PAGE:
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Ask Ethan: What’s the quantum reason that sodium and water react?

12 Aug 2017, 14:01 UTC
Ask Ethan: What’s the quantum reason that sodium and water react?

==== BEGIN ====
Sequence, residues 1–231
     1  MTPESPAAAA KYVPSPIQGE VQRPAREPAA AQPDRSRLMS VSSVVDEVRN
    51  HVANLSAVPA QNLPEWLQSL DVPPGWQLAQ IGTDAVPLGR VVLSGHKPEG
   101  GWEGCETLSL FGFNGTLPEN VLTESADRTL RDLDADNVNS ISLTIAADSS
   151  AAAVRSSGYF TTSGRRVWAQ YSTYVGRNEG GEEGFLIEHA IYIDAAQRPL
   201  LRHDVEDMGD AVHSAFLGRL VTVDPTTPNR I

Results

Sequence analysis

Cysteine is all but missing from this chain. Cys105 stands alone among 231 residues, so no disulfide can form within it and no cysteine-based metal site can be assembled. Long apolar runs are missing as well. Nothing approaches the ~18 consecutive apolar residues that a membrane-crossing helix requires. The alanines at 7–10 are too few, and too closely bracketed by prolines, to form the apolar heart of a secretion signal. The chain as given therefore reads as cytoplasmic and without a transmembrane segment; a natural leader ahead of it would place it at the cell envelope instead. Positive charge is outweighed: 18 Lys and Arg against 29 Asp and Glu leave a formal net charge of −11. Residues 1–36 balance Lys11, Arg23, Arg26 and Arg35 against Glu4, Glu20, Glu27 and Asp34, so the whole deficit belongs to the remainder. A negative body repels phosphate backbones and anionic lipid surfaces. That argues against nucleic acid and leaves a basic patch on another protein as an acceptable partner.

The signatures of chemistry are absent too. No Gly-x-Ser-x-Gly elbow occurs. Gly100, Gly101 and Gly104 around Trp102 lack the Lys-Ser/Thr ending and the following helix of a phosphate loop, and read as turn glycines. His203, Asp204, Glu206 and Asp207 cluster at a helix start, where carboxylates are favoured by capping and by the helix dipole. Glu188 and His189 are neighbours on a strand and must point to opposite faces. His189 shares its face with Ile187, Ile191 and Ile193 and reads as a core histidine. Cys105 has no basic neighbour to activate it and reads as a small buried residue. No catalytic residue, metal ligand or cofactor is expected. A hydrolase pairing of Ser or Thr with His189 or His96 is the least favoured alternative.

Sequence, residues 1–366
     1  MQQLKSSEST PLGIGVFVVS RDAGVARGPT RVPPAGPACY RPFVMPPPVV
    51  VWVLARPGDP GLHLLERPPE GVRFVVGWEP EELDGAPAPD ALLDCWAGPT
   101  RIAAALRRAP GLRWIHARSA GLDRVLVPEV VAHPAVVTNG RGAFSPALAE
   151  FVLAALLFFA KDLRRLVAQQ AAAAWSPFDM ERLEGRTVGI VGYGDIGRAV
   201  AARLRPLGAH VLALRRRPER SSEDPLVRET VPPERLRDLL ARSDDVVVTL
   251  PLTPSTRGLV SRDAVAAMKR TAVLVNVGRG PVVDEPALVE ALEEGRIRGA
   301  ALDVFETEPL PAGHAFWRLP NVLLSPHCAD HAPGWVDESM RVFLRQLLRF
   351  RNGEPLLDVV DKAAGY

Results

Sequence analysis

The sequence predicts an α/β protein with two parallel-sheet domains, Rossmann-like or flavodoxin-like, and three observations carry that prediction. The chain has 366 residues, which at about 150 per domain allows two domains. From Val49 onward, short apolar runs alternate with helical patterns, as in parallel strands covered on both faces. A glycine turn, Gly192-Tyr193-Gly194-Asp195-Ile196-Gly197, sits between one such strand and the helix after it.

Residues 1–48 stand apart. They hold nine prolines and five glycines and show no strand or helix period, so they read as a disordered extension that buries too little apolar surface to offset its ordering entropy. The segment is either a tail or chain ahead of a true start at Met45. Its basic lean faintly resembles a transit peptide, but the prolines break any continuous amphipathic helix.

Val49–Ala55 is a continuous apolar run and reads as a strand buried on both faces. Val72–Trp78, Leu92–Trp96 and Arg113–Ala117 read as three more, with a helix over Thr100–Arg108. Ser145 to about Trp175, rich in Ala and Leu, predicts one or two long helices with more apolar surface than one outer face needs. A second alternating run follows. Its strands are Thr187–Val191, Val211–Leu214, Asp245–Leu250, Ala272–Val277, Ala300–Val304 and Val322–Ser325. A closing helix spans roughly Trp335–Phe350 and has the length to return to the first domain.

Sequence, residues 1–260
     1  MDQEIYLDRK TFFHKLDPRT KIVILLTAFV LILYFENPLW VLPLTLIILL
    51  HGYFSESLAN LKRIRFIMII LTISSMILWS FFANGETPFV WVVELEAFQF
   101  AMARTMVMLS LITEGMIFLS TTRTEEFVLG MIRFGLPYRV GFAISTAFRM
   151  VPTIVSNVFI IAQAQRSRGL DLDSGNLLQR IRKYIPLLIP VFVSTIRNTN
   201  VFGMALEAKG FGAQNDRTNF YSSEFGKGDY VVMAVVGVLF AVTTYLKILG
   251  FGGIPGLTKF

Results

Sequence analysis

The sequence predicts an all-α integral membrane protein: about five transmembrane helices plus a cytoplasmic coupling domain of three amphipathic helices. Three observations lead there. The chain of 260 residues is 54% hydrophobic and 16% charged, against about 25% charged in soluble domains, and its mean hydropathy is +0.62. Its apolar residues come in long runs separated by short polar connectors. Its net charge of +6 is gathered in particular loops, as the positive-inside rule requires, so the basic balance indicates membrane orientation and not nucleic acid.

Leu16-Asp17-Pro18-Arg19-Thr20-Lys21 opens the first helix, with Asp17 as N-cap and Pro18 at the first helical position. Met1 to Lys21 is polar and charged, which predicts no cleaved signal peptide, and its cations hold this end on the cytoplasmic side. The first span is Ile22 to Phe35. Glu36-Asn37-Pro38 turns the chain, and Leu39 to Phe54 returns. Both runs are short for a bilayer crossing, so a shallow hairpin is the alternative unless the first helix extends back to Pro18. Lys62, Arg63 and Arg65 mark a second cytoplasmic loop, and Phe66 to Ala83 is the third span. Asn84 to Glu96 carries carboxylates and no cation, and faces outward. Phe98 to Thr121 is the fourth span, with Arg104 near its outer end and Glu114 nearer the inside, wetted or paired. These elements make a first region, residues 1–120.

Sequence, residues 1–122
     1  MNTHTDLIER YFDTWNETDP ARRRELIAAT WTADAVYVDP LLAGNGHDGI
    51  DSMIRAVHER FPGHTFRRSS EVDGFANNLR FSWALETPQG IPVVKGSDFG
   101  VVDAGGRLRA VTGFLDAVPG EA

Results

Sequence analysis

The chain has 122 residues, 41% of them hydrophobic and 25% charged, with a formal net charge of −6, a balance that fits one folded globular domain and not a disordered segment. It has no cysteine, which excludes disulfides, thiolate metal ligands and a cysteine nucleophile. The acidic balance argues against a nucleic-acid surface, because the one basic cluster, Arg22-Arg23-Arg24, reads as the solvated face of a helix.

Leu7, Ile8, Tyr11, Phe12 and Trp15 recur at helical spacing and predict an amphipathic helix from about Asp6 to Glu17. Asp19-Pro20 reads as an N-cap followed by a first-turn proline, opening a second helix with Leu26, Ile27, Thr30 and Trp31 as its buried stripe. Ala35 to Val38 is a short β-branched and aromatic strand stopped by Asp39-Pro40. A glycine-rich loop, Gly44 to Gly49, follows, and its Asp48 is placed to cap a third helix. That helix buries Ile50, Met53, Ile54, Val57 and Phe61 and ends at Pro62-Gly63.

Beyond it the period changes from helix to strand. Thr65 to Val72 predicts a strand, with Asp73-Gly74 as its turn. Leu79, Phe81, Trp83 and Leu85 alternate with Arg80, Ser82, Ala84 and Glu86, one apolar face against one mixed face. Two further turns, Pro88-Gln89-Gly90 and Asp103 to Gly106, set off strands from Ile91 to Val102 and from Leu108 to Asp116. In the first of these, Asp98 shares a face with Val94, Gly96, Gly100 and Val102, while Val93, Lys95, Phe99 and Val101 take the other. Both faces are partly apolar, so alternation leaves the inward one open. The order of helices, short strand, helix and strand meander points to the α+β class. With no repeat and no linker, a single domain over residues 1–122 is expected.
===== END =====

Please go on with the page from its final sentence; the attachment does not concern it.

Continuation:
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Placing a chunk of sodium metal in contact with water results in a violent, and often explosive, reaction. Image credit: Wikimedia Commons user Tavoromann.Drop a chunk of sodium metal into water, and a violent reaction ensues. But it’s more than just chemistry at play.“Chlorine is a deadly poison gas employed on European battlefields in World War I. Sodium is a corrosive metal which burns upon contact with water. Together they make a placid and unpoisonous material, table salt. Why each of these substances has the properties it does is a subject called chemistry.” -Carl SaganSometimes, we learn things early on in life, and simply accept that’s how the world works. Drop a chunk of pure sodium in water, for example, and the reaction is legendary in its violence. As soon as you get that chunk of metal wet, the reaction fizzes and heats up, the sodium bounces around on the surface of the water, and even flames are produced. Sure, it’s just chemistry. But at a fundamental level, isn’t there something more going on? That’s what our reader Семен Стопкин (Semen Stopkin, from Russia) wants to know:Which forces drive chemical reactions, and what takes place on a quantum level? In ...

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